Housing starts hit four-year high in October
WASHINGTON (Reuters) - Housing starts rose to their highest rate in more than four years in October, suggesting the housing market recovery was gaining steam, even though permits for future construction fell.
The Commerce Department said on Tuesday housing starts increased 3.6 percent to a seasonally adjusted annual rate of 894,000 units -- the highest since July 2008.
The report was the latest to show the broadening housing market recovery was now entrenched. Economists, who had expected groundbreaking to slow to an 840,000-unit rate, said the housing strength laid a foundation for faster economic growth next year.
"The broad improvement in home prices, home equity, starts, and inventory clearing are key developments that position the economy for stronger growth next year, and beyond," said Eric Green, chief economist at TD Securities in New York.
The housing market has decisively turned around after an unprecedented collapse that landed the economy in its worst recession since the Great Depression. The recovery, marked by rising home sales, prices and building activity is being driven by pent-up demand and record low mortgage rates.
Homebuilding is expected to add to gross domestic product growth this year for the first time since 2005. Though home construction accounts for only about 2.5 percent of GDP, economists estimate that for every new house built, at least three new jobs are created.
Last month's data led some economists to raise their fourth-quarter growth estimates. Even so, growth in the last three months of the year is expected to be soft, largely because businesses appear reluctant to invest given the prospect for deep government spending cuts and higher taxes next year.
Fourth-quarter growth forecasts currently range between an annual rate of 1 percent and 2.2 percent.
The Commerce Department said superstorm Sandy, which slammed the East Coast in late October, had a minimal impact on the data. Economists expected the storm to weigh on homebuilding in November, with rebuilding in the months ahead mitigating the impact.
The upbeat homebuilding report buoyed housing-related shares on Wall Street, with PulteGroup Inc -- the second-largest U.S. homebuilder -- soaring more than 6 percent. The overall housing sector index was up 2.5 percent in early afternoon trade, outperforming a broadly weak shares market.
NO LONGER A HEADWIND
The Federal Reserve has targeted housing as a channel to boost U.S. growth, announcing in September that it would buy $40 billion in mortgage-backed securities per month until the outlook for employment improved substantially.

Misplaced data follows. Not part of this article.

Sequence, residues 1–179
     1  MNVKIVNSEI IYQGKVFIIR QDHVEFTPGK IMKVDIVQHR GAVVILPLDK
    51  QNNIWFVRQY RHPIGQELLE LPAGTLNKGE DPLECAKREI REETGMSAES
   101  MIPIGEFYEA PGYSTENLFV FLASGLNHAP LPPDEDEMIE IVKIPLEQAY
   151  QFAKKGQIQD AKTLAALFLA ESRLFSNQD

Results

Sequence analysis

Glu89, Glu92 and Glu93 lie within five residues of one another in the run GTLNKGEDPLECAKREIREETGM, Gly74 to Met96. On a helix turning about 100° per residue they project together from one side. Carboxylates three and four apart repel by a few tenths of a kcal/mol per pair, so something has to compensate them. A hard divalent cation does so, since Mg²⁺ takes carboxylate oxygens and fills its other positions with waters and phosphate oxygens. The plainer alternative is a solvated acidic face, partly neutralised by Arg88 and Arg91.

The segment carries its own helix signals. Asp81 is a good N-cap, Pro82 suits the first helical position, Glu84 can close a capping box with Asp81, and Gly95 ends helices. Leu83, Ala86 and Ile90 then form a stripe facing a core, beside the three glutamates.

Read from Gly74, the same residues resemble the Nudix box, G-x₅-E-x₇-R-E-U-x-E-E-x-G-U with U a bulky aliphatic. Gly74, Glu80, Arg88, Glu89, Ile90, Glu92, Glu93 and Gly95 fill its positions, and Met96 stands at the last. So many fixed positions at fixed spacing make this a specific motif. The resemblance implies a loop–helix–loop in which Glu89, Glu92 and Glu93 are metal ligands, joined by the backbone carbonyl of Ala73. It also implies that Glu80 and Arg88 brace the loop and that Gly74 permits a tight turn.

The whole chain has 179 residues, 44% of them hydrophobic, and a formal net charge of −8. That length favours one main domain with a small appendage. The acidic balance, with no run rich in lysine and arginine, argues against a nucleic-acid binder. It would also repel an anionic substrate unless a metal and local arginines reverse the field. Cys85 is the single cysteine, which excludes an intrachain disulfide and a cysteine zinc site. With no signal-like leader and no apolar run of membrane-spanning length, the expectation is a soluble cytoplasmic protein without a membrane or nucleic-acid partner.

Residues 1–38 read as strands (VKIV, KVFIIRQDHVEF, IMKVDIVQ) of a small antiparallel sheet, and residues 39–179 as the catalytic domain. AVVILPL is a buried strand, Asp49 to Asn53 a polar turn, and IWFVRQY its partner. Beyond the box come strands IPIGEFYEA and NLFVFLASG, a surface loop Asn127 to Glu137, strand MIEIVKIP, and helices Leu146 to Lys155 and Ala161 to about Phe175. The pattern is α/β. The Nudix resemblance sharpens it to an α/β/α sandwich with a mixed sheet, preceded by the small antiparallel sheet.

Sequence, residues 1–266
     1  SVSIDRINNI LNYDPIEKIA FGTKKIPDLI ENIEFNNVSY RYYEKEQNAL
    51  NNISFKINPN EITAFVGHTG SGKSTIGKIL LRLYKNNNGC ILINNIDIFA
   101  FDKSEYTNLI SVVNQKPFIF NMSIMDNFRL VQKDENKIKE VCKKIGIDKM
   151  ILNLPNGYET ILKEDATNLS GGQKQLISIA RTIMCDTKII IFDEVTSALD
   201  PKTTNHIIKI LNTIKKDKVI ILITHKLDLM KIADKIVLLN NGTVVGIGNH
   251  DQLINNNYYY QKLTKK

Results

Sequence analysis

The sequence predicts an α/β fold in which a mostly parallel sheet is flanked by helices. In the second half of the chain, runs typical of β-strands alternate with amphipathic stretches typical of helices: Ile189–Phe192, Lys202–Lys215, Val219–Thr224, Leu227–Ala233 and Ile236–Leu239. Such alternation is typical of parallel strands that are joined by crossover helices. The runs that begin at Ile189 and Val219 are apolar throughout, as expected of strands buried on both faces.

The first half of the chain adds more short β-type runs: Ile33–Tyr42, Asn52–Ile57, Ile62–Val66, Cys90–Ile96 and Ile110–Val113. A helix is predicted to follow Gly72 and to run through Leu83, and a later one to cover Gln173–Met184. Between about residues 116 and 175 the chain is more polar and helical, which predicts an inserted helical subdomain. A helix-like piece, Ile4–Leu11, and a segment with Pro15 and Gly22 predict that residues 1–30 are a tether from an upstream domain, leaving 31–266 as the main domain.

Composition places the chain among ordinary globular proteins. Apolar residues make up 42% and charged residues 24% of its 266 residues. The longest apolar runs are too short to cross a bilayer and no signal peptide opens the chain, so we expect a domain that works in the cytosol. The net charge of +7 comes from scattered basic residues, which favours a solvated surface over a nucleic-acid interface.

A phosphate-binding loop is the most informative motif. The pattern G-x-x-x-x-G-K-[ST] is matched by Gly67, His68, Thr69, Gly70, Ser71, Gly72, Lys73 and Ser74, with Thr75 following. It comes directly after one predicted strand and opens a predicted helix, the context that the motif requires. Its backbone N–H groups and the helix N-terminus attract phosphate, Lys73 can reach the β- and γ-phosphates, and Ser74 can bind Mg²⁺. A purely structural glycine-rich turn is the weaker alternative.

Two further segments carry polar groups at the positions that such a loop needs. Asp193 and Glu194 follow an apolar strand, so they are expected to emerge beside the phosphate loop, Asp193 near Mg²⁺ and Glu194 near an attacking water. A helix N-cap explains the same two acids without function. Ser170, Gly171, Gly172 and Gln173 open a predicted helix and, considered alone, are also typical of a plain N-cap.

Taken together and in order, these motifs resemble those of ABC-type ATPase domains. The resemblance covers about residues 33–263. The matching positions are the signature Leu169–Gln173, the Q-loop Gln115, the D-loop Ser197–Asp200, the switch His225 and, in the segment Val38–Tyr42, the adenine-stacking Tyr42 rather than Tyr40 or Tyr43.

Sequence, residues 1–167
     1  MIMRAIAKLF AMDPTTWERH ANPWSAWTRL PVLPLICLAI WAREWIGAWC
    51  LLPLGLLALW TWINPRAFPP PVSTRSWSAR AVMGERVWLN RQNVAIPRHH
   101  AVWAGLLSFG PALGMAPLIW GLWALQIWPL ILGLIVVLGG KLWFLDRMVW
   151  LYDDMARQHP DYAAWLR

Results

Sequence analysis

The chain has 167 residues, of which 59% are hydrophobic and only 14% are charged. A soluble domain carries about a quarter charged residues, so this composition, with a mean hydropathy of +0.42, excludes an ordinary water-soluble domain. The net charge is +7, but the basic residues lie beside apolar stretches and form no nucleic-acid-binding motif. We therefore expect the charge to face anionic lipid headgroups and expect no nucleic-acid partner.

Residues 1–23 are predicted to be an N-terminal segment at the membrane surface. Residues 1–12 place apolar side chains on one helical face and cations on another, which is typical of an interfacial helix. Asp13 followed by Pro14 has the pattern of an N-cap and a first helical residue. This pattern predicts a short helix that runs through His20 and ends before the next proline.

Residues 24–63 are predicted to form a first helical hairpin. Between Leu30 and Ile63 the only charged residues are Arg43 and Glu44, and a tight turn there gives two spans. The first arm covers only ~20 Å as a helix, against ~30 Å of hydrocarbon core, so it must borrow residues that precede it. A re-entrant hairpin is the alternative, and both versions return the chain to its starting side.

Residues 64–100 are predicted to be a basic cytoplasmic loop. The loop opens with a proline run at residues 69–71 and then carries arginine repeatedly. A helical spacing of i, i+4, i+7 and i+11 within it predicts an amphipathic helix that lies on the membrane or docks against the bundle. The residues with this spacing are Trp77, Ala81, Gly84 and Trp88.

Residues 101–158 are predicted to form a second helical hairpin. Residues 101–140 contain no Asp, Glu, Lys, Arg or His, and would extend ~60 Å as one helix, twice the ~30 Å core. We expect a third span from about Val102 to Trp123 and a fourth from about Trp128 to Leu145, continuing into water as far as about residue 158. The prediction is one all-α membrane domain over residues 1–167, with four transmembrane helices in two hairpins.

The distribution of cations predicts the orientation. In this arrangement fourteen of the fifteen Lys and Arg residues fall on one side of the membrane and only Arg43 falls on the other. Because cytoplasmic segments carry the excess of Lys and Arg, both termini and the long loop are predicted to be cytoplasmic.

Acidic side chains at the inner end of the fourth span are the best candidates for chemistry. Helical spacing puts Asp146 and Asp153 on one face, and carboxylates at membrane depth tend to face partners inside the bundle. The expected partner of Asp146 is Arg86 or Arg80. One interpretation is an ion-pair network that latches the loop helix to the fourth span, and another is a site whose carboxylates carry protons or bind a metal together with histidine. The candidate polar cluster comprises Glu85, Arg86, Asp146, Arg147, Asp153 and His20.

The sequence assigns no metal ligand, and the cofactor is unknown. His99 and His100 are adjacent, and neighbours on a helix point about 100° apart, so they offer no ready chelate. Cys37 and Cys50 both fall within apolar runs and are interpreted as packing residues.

It hopes the purchases will drive down borrowing costs. Fed Chairman Ben Bernanke on Tuesday acknowledged the housing market improvement, but said stricter lending practices remained an obstacle to a faster pace of recovery.
"It seems likely that, on net, residential investment will be a source of economic growth and new jobs over the next couple of years," Bernanke said at the Economic Club of New York.
A steady rise in the number of U.S. households, which fell during the 2007-09 recession as financially strapped Americans moved in with friends and family, is also supporting the housing sector.
"The amount of construction now is below the level to maintain housing for the population as a whole. The trend (in housing starts) will continue to rise as the housing stock is absorbed by population growth," said Robert Gray, managing principal at real estate investment firm TerraCap Management Corp in New York.
Economists at Goldman Sachs estimate that household formation -- the net increase in the number of households each year -- will increase to a 1.2 million rate in 2013 from 1 million currently.
They forecast housing starts rising to a 1 million rate by the end of next year and 1.5 million by the end of 2016.
Groundbreaking for new homes has risen 41.9 percent over the last year, but starts remain about 60 percent below the peak of 2.27 million reached in January 2006.
Last month, groundbreaking for single-family homes, the largest segment of the market, slipped 0.2 percent to a 594,000-unit pace. Starts for multi-family homes surged 11.9 percent to a 300,000-unit rate, reflecting increased demand for rental apartments.
Building permits fell 2.7 percent to an 866,000-unit pace in October after jumping 11.1 percent the prior month, in line with expectations.
The drop last month was concentrated in the multifamily segment and is likely to be short-lived. Permits to build single-family homes rose 2.2 percent last month to a 562,000-unit pace, while permits for multi-family homes fell 10.6 percent to a 304,000-unit rate.
(Editing by Andrea Ricci and Tim Ahmann)
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